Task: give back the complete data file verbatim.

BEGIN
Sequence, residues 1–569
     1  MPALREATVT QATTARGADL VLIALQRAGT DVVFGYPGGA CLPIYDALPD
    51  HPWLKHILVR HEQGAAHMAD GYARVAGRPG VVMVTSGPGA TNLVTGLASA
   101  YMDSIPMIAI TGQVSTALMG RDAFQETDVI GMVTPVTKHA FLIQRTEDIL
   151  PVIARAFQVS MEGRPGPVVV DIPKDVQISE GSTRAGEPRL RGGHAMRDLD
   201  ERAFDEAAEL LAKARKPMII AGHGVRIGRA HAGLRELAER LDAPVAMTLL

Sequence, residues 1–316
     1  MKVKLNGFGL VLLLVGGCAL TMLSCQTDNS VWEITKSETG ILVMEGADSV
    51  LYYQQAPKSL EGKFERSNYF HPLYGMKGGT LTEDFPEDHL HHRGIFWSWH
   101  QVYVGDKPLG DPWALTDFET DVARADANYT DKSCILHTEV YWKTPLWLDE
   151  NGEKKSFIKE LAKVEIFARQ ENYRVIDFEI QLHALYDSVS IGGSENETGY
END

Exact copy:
Sequence, residues 1–569
     1  MPALREATVT QATTARGADL VLIALQRAGT DVVFGYPGGA CLPIYDALPD
    51  HPWLKHILVR HEQGAAHMAD GYARVAGRPG VVMVTSGPGA TNLVTGLASA
   101  YMDSIPMIAI TGQVSTALMG RDAFQETDVI GMVTPVTKHA FLIQRTEDIL
   151  PVIARAFQVS MEGRPGPVVV DIPKDVQISE GSTRAGEPRL RGGHAMRDLD
   201  ERAFDEAAEL LAKARKPMII AGHGVRIGRA HAGLRELAER LDAPVAMTLL

Sequence, residues 1–316
     1  MKVKLNGFGL VLLLVGGCAL TMLSCQTDNS VWEITKSETG ILVMEGADSV
    51  LYYQQAPKSL EGKFERSNYF HPLYGMKGGT LTEDFPEDHL HHRGIFWSWH
   101  QVYVGDKPLG DPWALTDFET DVARADANYT DKSCILHTEV YWKTPLWLDE
   151  NGEKKSFIKE LAKVEIFARQ ENYRVIDFEI QLHALYDSVS IGGSENETGY